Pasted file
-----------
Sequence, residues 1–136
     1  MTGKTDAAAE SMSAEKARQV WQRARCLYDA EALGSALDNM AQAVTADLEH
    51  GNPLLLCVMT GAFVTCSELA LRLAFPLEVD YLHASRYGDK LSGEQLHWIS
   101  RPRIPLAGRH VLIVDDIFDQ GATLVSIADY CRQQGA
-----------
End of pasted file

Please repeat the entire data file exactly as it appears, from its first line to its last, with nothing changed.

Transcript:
Sequence, residues 1–136
     1  MTGKTDAAAE SMSAEKARQV WQRARCLYDA EALGSALDNM AQAVTADLEH
    51  GNPLLLCVMT GAFVTCSELA LRLAFPLEVD YLHASRYGDK LSGEQLHWIS
   101  RPRIPLAGRH VLIVDDIFDQ GATLVSIADY CRQQGA